The goal for many studios used to be the franchise, a series of films under the umbrella of a recognizable name with which to sell that franchise. Now, thanks in large part to the success Marvel is having, that concept of the franchise has morphed into a “cinematic universe” with any number of “franchises” coming together in a shared series of narratives to create something much larger. Some of these cinematic universes come together naturally over time, but some are forced together in order for the studio at hand to bank on an entire slate of motion picture releases. The latter tends to come off as just that, forced, and this is the area in which Universal and their idea for a “Dark Universe” seems to be residing. Their idea is to bring their classic movie monsters (Dracula, Frankenstein’s Monsters, Invisible Man, et al.) into the modern age to create an epic series of films beginning with the catalyst for their cinematic universe, The Mummy.
Aided by the presence of a bona fide, A-list star (that being Tom Cruise), The Mummy falls for every trick in the cinematic universe playbook. Despite the film’s capability for blockbuster fun, it ultimately amounts to a luxurious, state-of-the-art, beautifully constructed cart that is just being tossed around and beat to shit by the idiotic horses pulling it along. It’s a mess of a picture, one that screams “too many cooks,” but even with all that is going against it, The Mummy succeeds in a number of areas, chiefly its ability to entertain. You may not be ready for the proposed Dark Universe. You may not have even asked for it, but Universal’s idea for kickstarting a world for their movie monsters is ripe with potential, its kitchen sink attitude offering up both good and bad elements that may or may not ultimately give us something with a much larger scale.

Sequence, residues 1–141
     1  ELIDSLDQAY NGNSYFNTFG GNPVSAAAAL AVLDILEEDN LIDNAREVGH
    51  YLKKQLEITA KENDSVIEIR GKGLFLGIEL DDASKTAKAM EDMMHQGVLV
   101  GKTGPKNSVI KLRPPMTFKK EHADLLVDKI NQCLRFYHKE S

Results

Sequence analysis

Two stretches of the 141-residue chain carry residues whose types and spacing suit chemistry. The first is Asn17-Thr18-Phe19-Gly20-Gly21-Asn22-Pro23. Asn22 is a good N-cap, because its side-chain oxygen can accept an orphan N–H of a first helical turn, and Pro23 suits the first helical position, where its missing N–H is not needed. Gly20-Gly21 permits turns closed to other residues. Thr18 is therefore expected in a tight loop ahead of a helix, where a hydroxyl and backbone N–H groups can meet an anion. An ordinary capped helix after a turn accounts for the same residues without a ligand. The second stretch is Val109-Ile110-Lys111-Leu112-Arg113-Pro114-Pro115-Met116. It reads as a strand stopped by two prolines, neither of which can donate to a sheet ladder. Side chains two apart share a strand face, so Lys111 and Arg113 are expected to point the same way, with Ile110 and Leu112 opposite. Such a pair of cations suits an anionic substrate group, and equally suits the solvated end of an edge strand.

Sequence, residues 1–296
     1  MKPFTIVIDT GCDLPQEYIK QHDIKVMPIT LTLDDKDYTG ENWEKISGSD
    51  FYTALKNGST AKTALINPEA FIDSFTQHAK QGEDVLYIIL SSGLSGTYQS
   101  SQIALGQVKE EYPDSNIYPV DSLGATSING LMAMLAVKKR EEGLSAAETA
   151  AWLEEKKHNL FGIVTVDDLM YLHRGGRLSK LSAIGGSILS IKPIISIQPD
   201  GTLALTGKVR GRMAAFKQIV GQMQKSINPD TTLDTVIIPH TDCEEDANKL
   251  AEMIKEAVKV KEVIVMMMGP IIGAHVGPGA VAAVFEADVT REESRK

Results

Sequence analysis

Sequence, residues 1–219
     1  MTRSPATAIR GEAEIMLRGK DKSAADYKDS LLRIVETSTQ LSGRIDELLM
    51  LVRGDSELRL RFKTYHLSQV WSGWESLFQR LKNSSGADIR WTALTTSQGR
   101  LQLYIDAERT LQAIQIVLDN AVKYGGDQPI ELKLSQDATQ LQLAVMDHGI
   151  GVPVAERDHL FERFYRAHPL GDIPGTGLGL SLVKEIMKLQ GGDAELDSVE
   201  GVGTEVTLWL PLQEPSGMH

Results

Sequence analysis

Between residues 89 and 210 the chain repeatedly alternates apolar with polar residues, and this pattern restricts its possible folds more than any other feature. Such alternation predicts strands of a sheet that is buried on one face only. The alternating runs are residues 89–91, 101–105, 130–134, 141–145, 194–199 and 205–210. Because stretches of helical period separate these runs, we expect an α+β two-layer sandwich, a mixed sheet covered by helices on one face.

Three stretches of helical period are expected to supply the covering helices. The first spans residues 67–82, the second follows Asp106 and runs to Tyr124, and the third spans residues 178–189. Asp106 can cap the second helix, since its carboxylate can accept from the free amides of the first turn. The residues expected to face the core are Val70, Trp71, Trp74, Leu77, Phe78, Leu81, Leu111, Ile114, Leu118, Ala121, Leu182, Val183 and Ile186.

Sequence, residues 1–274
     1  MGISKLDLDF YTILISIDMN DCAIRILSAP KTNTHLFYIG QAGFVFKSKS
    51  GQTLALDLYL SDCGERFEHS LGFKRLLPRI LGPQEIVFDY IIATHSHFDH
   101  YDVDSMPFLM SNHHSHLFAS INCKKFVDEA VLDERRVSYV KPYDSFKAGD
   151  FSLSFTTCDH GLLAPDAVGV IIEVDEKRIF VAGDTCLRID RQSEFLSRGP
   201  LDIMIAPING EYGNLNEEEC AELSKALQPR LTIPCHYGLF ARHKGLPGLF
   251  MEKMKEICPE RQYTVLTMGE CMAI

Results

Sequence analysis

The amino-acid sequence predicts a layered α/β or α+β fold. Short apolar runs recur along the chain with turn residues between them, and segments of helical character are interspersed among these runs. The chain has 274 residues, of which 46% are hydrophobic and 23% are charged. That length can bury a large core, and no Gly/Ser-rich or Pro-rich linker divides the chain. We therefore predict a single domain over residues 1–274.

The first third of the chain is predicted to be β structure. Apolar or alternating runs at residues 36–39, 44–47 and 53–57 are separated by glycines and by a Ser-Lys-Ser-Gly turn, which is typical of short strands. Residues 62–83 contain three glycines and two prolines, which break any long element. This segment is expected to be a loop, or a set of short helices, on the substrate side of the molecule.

In this modern-day retelling of The Mummy story (first seen in 1932 with Karl Freund’s The Mummy), we’re introduced to Nick Morton (Cruise), a fortune hunter who’s latest escapades have led him to Iraq. There, along with his partner-in-crime Sgt. Chris Vail (Jake Johnson), and a genuine archeologist, Jenny Halsey (Annabelle Wallis), they discover an ancient, hidden tomb, the resting place of Princess Ahmanet (Sofia Boutella). Ahmanet’s attempt to bring the Egyptian god, Set, to the mortal world ended in disaster and the princess being buried alive thousands of years before. Naturally, the treasure hunters unearth the tomb bringing the cursed princess back to life in the modern world, and all hell proceeds to be raised with her.
As the team attempts to find and put an end to Ahmanet’s dark deeds, they uncover much more in the way of nefarious dealings in our modern-day world. The supernatural connection Nick has with the ancient princess creates a link that could be used to help capture her, but there is also a secretive order attempting to find the cursed creature as well. Led by Dr. Henry Jekyll (Russell Crowe), this organization is aware of the mysterious and dangerous creatures that work in the dark parts of the world, and Ahmanet may be the most dangerous creature they’ve yet faced.
The issues with The Mummy’s screenplay reveal themselves very early on in the movie. The “too many cooks” issue – I won’t list all of the screenwriters who worked on this movie, but you can see them on IMDb – give us not one but two introductions into this newfangled, cinematic universe. Much of the film’s opening is spent on exposition that establishes the ins and outs of this new world with Crowe’s Dr. Jekyll providing an abundance of voiceover narration to catch us up. If you’re ever confused by the convoluted plot, though, fear not. The film frequently drops into flashbacks for peak explanation, oftentimes going back to review a piece of information you’ve been given only a few minutes before.